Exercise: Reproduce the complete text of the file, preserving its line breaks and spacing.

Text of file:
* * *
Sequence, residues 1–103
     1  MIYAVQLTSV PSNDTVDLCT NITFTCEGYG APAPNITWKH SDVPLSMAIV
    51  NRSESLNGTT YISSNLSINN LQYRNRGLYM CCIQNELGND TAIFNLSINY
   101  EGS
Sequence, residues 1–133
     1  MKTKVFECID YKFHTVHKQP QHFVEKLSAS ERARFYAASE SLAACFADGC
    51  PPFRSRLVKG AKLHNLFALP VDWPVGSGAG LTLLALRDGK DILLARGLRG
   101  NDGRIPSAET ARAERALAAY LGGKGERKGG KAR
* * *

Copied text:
Sequence, residues 1–103
     1  MIYAVQLTSV PSNDTVDLCT NITFTCEGYG APAPNITWKH SDVPLSMAIV
    51  NRSESLNGTT YISSNLSINN LQYRNRGLYM CCIQNELGND TAIFNLSINY
   101  EGS
Sequence, residues 1–133
     1  MKTKVFECID YKFHTVHKQP QHFVEKLSAS ERARFYAASE SLAACFADGC
    51  PPFRSRLVKG AKLHNLFALP VDWPVGSGAG LTLLALRDGK DILLARGLRG
   101  NDGRIPSAET ARAERALAAY LGGKGERKGG KAR